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Discussion Starter · #1 ·
Good day all!

So this spring we harvested many honey supers that were left over from the winter. Unfortunately, they were all taken from hives that were busy at the beginning of winter and died by spring, even though they had plenty of honey. That is a question for another day.

Most of the supers had signs of mice, with mouse droppings on top of the supers and maybe a few droppings on the wax. We have a ton of honey waiting to be harvested but I am nervous about the mouse droppings leaving seriously dangerous bacteria and viruses on our honey. Is there a good way to clean off the capped honey frames before I cut the comb out and crush it? Can I spray the boxes full of frames off with water and let it dry before crushing and hope that that does the trick to at least remove it? Is there a special cleaner of sorts to clean the capped comb before crushing?

Thank you for your help with this!

A bit dismayed and uncertain,

Brook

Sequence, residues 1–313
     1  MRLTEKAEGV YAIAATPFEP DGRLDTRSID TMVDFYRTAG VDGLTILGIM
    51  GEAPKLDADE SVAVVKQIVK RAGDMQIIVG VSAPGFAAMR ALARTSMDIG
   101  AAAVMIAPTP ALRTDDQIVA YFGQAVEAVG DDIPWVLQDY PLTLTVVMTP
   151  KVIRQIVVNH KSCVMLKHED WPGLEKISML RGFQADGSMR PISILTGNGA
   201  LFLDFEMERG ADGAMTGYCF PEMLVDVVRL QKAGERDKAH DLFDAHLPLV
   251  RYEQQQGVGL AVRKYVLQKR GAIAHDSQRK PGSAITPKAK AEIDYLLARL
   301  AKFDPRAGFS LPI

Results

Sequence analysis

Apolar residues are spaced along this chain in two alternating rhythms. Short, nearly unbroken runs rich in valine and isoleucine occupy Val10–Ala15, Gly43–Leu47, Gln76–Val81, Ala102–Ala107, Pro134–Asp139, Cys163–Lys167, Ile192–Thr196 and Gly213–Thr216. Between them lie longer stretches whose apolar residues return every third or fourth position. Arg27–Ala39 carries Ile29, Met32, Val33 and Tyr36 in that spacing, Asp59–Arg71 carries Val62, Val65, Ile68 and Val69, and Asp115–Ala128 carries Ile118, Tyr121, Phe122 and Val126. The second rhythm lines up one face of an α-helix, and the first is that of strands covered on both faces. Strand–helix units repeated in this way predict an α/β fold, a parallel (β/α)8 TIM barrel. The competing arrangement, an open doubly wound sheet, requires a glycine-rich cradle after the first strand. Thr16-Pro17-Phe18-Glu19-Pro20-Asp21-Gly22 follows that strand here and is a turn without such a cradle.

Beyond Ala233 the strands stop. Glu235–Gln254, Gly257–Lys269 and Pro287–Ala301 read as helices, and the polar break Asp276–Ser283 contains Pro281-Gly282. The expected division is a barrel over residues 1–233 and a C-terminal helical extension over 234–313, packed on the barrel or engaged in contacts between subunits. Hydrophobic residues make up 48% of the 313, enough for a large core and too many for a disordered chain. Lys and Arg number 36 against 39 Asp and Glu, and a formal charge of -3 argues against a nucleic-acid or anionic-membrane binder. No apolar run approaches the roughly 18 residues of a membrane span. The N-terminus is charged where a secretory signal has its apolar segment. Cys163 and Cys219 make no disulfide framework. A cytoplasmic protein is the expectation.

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Discussion Starter · #3 ·
Bees will clean up the mouse droppings I wouldn't worry about any bacteria
We actually lost all of our bees and are now left with just the supers. Wondering how to clean them before crushing and straining the honey. These supers were made last fall and were with the bees, whom all died, throughout the winter. When we went to go check on the bees a few months back, they were all dead, but the supers were full. We do not want to waste the honey but are afraid of the mouse poop that is on the wax and frames. Does that make sense?!

Thank you Steve for your reply!

Brook
 

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If you see droppings, you can be sure there is mouse urine also on the combs. Save the honey for your next bee colonies, IMO it is garbage for human consumption.
 
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